Let me see if I’ve got this straight – this is a Western movie (that most American of art forms) directed and written by Danes, featuring a European cast and filmed using South African locations to sub for the American West.
Since I have been watching westerns since I was knee high to a hitching post I can assure you that Danish born director Kristian Levring (who co-wrote the script with fellow Dane Anders Thomas Jensen) leaves no cliche unturned.
There is a small western town (apparently constructed from scratch somewhere outside Johannesburg) with a saloon and a jail; a stagecoach, a bad guy (naturally he wears a black hat) and vultures circling overhead over what is presumably a dying man. (There are no “Indians” although there is a reference to a particularly savage bunch which involves the woman depicted by French born actress Eva Green.)
The sole American in a lead role, Jeffrey Dean Morgan, overacts shamelessly. He is the bad guy ( a character named Colonel Delarue) after all.
The plot is yer basic revenge drama. The good guy, Jon Jensen (Mads Mikkelson) emigrated from Denmark with his brother, Peter (Mikael Persbrand). Jon’s Danish wife and son are killed on their first night in America by a couple of cowpokes (one appears to be drunk, the other is just plain ornery) so Jon kills them in revenge. Uh oh! One of the slain cowboys is the bad guy’s brother Now he is looking for revenge (and kills a few townsfolk just to show he means business.) Along the way Jon runs afoul of the sheriff (Scottish born actor Douglas Henshall).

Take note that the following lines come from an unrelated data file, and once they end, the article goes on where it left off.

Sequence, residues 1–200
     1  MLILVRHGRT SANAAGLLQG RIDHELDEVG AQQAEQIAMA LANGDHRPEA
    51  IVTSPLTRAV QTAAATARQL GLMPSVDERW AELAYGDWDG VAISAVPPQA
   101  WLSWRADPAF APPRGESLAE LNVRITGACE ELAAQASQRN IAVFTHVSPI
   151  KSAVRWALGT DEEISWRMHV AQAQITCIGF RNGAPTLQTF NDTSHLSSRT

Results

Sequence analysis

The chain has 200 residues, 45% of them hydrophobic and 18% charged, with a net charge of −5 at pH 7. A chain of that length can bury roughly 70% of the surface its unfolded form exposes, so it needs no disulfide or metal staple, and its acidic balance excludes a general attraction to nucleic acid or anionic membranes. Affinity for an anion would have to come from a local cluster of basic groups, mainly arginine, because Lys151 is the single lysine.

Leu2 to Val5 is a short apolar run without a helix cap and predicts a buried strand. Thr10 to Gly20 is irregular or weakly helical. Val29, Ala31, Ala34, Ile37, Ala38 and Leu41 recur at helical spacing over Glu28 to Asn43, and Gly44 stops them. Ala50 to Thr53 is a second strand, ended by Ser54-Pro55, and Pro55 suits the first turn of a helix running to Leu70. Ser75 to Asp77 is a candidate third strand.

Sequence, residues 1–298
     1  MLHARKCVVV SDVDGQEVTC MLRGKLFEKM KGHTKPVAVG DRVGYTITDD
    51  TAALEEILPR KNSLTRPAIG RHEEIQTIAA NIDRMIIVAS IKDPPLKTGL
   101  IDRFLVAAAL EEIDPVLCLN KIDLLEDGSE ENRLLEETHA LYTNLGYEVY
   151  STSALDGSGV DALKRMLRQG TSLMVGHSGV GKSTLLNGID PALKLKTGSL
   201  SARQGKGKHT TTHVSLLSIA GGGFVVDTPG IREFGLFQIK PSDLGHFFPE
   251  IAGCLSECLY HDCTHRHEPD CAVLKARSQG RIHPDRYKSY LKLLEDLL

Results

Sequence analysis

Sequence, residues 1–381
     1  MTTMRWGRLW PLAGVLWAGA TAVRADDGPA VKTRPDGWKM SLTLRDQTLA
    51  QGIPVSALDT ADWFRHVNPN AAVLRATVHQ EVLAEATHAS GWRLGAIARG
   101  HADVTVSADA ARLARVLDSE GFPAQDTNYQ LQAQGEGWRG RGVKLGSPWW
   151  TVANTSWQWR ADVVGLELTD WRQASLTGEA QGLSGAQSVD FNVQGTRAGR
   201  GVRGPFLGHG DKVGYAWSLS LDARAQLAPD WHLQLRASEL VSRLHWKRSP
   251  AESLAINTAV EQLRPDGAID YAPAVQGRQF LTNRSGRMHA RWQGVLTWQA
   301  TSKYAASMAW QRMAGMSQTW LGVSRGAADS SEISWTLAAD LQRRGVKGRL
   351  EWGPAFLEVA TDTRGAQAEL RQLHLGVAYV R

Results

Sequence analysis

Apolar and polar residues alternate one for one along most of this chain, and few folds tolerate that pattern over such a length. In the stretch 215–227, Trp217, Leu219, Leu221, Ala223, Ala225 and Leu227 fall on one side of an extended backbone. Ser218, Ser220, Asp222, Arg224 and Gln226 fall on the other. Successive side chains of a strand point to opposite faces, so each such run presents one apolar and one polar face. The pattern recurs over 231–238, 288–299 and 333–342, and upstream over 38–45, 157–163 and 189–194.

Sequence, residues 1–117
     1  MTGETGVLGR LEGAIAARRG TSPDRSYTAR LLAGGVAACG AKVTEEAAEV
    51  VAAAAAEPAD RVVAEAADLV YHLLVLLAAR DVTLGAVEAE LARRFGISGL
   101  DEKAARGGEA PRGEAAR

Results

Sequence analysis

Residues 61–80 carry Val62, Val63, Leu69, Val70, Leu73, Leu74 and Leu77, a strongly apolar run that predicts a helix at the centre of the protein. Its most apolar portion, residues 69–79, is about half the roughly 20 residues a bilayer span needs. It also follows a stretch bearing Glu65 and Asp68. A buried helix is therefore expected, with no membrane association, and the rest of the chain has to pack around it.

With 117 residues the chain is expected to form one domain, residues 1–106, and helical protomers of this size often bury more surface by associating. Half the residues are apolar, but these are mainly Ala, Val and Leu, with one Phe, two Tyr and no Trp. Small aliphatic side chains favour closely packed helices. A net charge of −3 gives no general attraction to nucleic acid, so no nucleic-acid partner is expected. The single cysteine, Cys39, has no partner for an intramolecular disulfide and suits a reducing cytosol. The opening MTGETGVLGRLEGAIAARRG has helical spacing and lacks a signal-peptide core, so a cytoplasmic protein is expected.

Mr. Mikkelson is apparently a big deal overseas but he is best known on this side of the pond as the villain in a James Bond film and/or playing a certain doctor in the cult TV hit Hannibal. Considering that he has a face made for onscreen villainy (probably one reason he was cast as the sadistic Le Chiffre in the Daniel Craig version of Casino Royale) he plays the good guy very convincingly.(Yes, Lars Mikkelson is Mads’ brother. He was originally considered for this film – he plays Russian leader Victor Petrov on TV’s House of Cards, among other roles.)
Cinematography by Jens Schlosser is meant to be breathtaking, instead it is simply distracting. And the extreme close-ups and other camera tricks are right out of the Sergio Leone playbook.
The best viewpoint to take when viewing this film is to regard it as a homage to traditional American westerns. Otherwise, you should really be looking around for vintage Randolph Scott westerns. And if you don’t know who Randolph Scott is, you should skip this film altogether.
With all of its perceived flaws, this European western is still better than anything America has managed to pump out in recent years i.e.The Gundown, The Legend of Hell’s Gate, Last Rites of Ransom Pride.